Jonathan Levine



Seth Rogen

Charlize Theron

O'Shea Jackson, Jr.

June Diane Raphael

Andy Serkis

Bob Odenkirk

Alexander Skarsgård









2 Hrs., 5 Mins.

Long Shot May 17, 2019  

hat would it be like to fall in love with Seth Rogen? Such a question has been asked, throughout the 37-year-old actor’s two-decade-long career, a number of times. He’s been the unlikely object of affection of Katherine Heigl (in 2007’s Knocked Up), Elizabeth Banks (in 2008’s Zack and Miri Make a Porno), Collette Wolfe (in 2009’s Observe and Report), Kristen Wiig (as a hot-dog bun in

Seth Rogen and Charlize Theron in 2019's "Long Shot."


2016’s Sausage Party), and others. Usually, there’s an element of surprise — a suggestion that this is a dream come to life, for Rogen to attain the love of a blonde more outwardly appealing than him. It’s a trope that, while often being backed by movies that are at least fun, has also grown tiresome.


The premise is conceived of still having a few breaths of life in it. The cinematic mechanical ventilator is a movie called Long Shot; Rogen, again, becomes the unlikely object of affection of a blonde more outwardly appealing than him. In this case, it’s Charlize Theron. Whether you’re convinced by their relationship, and the movie itself, is contingent on how much you buy the narrative, which, while of course partially defined by its air of romantic implausibility, also aims to be something of a political satire. On the former front, the film is for the most part successful. (Though, by the last act, all its steam has disappeared into the ozone.) But on the latter, it’s a failure. Think TV’s Veep (2012-present) baring its teeth only to reveal a mouthful of gums.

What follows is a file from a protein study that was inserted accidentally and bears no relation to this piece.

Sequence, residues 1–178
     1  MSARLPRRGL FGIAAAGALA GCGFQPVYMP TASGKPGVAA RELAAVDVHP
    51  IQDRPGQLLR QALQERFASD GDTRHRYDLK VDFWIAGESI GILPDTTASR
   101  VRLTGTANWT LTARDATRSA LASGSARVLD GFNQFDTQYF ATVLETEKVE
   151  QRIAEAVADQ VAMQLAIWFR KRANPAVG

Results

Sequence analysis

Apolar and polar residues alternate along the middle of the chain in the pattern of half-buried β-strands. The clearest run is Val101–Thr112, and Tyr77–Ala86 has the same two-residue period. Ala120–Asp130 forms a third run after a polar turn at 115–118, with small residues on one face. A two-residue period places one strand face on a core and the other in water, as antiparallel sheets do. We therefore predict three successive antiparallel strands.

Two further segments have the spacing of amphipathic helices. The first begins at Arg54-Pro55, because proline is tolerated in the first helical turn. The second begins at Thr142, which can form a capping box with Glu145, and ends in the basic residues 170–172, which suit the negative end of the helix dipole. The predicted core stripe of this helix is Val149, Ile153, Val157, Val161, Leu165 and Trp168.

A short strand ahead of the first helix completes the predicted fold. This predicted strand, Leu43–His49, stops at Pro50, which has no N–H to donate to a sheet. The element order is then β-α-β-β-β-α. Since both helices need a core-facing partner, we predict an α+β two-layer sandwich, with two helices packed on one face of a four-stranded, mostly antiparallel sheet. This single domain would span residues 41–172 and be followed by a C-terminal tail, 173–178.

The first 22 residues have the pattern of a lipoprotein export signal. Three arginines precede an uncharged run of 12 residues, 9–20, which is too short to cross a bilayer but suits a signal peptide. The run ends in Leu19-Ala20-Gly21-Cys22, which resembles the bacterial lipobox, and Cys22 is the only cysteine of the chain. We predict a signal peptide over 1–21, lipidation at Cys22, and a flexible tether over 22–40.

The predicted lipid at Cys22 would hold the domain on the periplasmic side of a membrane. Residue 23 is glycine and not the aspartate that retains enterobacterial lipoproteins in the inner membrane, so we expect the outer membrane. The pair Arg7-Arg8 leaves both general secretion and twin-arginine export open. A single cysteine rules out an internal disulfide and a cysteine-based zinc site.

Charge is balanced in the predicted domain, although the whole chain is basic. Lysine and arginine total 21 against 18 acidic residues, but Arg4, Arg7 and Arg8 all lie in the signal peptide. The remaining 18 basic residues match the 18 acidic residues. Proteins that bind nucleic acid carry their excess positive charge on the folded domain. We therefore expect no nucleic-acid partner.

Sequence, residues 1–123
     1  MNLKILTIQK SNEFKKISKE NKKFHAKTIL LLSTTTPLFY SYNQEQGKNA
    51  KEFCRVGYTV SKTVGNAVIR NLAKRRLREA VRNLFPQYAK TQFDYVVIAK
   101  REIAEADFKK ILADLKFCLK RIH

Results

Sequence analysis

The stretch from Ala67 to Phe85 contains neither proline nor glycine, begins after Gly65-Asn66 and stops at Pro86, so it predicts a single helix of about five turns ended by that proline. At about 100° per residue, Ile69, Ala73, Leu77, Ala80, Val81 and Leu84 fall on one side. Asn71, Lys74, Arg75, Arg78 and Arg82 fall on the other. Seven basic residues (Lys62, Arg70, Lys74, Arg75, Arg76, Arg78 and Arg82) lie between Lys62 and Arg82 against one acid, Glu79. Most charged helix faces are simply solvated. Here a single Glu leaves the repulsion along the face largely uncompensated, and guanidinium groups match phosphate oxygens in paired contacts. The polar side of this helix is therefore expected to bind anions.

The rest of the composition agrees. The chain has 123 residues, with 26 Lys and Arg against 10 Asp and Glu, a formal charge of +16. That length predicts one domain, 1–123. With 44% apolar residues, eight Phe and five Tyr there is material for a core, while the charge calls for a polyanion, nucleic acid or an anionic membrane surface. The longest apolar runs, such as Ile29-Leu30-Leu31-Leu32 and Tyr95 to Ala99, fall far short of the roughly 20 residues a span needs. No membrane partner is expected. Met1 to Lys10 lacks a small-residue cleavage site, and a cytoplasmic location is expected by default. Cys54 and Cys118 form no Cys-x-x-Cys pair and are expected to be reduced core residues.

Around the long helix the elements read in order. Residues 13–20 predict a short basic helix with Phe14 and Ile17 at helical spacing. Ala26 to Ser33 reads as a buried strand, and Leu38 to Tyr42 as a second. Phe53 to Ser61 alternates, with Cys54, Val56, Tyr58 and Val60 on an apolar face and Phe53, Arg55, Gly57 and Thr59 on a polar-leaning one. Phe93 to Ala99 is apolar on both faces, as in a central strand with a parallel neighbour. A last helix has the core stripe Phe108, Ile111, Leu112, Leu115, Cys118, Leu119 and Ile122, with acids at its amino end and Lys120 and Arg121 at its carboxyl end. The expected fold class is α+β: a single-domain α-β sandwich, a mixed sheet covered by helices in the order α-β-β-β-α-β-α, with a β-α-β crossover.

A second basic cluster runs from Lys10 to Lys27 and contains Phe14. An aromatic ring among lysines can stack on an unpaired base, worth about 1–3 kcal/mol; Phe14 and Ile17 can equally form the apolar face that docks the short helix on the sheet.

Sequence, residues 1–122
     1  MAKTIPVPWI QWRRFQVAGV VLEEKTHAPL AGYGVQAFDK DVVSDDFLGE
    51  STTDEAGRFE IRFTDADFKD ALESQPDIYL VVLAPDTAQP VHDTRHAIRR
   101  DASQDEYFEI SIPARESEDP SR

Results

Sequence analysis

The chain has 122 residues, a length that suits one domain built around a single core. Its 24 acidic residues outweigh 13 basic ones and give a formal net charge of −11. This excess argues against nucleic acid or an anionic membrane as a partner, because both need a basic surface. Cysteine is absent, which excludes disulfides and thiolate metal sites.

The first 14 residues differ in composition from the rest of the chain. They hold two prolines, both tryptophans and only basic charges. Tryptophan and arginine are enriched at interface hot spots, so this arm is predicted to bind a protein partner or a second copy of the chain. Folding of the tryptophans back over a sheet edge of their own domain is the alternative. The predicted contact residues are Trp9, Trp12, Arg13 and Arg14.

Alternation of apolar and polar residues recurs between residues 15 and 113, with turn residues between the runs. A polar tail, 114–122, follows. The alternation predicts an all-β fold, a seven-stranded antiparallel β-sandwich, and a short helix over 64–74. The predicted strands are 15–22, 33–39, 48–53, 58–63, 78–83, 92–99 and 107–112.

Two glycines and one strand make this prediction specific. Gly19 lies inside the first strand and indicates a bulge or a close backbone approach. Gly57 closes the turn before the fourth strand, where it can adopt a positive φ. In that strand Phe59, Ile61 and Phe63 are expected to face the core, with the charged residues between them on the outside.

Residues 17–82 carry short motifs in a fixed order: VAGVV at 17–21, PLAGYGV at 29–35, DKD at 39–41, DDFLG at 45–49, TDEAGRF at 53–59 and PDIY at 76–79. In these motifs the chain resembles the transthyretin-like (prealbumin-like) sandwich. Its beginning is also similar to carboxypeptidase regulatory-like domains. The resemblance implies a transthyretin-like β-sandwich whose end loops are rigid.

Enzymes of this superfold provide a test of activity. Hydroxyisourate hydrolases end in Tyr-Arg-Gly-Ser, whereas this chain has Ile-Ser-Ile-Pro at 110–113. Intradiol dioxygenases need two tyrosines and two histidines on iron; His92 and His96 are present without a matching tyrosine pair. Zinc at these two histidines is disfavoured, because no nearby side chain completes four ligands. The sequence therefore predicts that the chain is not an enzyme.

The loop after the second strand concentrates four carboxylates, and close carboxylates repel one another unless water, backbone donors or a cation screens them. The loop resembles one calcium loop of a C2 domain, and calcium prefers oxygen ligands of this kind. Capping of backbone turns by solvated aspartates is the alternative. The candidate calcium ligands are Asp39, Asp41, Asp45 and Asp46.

In the movie, Rogen plays Fred Flarsky, a bearded, sloppily dressed investigative journalist who works at a respected alt-newspaper in New York City. His work is renowned, respected for its depth, wit, blunt edges. But a good reputation cannot save him from journalistic insecurity. As the film opens, his paper has been bought out by Parker Wembley (Andy Serkis), a hag-faced conservative media mogul with a bad case of Steve Bannon hair.


Fred promptly quits, unwilling to tone down his writing style and ethics to appease Wembley. His best friend, a bubbly tech entrepreneur named Lance (O’Shea Jackson, Jr.), takes him out for drinks immediately after he breaks the news, hoping that alcohol, and his own exuberance, can cheer Fred up. The friends eventually wind up at luxe charity-fundraising event downtown; Lance landed on it for the sole purpose of seeing musical guest Boyz II Men.